Am Bratach No. 225
Ardvar was one of a handful of moderately sized sheep farms which had emerged in Assynt after 1812. Following the death of the tenant, Captain William Scobie, by drowning in 1831, a lease had eventually been granted to his widow at a rent of £220. At her death in 1842 the sheep stock, along with the household cows and horses, was valued at £1,475 and the farm came under the management of trustees acting for the benefit of her four daughters.
The lease expired in 1849 and the Sutherland estate decided to advertise Ardvar for letting. A report in 1846 on the sheep farms on the estate by the celebrated sheepfarmer, Andrew Hall, had assessed the farm as capable of carrying 2,000 sheep (a seasonal average) at a rent of 2/6d [12½p] per head. He suggested that Ledmore, being high and stormy land, should be added as a wether grazing to make a farm of suitable size for a resident tenant.
The estate, however, advertised Ardvar as a safe ewe farm calculated to graze 2,000 Cheviot sheep for entry at 1850. McIver, the factor, advised applicants that it would require £2,000 of capital and, as there was a paucity of resident Tacksmen in Assynt, it had been resolved that the Tenant of Ardvar must permanently reside upon it.
Following a report by the estate buildings inspector, the Sutherland estate undertook to spend £400 on putting the buildings into tenantable order. Repairs are intended to be made on the House and Offices [farm buildings] and Shepherds Houses and some outlay would be agreed to for Surface Drainage and small enclosures at the Shepherds Houses, for which 6½ per Cent Interest will be charged. It is intended also to make a road to Ardvar but it may be three or four years before it Could be Completed to the House.
There were a number of applicants including George Douglas from Arboll, Royston Mackenzie then living at Ardvar (a son of John Mackenzie sometime tenant of Ledbeg sheepfarm) and James Purves, a well-known Caithness agricultural improver and factor then farming at Thurdistoft in the parish of Olrig.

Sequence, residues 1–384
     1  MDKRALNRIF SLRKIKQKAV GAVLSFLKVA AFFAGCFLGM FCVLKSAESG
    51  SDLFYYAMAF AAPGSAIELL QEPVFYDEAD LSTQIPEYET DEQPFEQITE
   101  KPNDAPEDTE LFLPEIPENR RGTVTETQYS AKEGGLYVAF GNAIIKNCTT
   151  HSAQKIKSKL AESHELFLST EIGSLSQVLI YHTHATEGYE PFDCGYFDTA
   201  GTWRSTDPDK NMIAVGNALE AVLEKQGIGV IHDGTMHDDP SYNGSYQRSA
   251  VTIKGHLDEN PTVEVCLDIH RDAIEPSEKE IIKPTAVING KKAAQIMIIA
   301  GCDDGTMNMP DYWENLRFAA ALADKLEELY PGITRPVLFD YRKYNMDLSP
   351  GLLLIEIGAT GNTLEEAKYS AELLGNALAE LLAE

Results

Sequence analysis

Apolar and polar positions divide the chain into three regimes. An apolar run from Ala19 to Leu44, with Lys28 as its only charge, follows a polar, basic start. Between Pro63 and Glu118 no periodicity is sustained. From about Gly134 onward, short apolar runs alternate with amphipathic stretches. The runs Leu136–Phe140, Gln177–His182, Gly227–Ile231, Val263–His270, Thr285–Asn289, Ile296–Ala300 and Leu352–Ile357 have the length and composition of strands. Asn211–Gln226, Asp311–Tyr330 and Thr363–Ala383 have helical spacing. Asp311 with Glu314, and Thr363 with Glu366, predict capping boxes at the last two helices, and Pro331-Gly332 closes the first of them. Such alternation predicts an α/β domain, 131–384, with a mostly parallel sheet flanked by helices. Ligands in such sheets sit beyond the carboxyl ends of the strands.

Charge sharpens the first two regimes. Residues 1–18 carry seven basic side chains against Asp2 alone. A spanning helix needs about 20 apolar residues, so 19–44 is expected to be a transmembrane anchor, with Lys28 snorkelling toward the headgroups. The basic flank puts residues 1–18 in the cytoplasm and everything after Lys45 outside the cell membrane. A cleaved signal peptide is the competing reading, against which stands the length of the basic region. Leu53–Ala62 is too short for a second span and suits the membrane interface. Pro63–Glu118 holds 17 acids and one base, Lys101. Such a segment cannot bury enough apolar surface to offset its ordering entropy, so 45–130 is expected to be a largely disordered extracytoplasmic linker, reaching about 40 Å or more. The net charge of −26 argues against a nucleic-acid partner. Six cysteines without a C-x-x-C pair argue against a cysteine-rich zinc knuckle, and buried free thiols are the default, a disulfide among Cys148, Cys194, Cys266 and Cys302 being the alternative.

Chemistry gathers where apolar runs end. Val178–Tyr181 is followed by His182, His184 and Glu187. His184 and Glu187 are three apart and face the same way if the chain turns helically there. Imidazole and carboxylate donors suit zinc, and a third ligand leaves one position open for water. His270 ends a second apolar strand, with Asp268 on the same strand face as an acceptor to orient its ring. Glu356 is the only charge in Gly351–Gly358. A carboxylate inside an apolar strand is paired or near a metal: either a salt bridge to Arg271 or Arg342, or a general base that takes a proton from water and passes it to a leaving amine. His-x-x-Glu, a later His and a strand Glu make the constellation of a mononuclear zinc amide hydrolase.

McIver advised the estate commissioner, James Loch, that There being no very choice Tenant in view from this Farm, my own inclination is to recommend Mr Purves as the most eligible making it a condition that if he do not reside upon the Farm himself one of his sons Constantly will and in the event of his death that it will be optional to the Proprietor to select any one of his sons to be his Successor.
We want a splendid man in this District as an example in farming especially among the small Tenants in Assynt and here is a good opportunity of selecting one. If you have not otherwise decided be so good as let me know what The Duke thinks as to this some new blood is required in Assynt, and if Mr Purves Senior lives, I think he would prove a great acquisition as Tenant for Ardvar whether resident permanently or for a portion of each year.
There was also an application from the Alexander Begg from Springbank near Thurso and his son George. McIver described the latter as an active young Farmer unmarried and resident with his Father on an arable Farm near Thurso they are very industrious and the offer considering the outlay they ask is pecuniarily the best we have got.
McIver considered one of the other applicants was not a practical Farmer and in other respects not such a man as we want in Assynt. Despite Lochs obvious objections, McIver continued to favour Purves.
I feel certain from the tone of his offer he is himself anxious to reside and that if we could in a year or two give him Knockan & Elphin as Wedder Land he would at once come to Ardvar. Purves was a clever practical Farmer and a judicious man besides. He would show an example at Ardvar that would be beneficial to us all.
Loch, however, would not be persuaded. McIver successfully concluded his negotiations with the Beggs and they were given a 19-year lease of Ardvar at a rent of £300. George was to reside, though his brother, William, a merchant in Golspie, was also to be involved.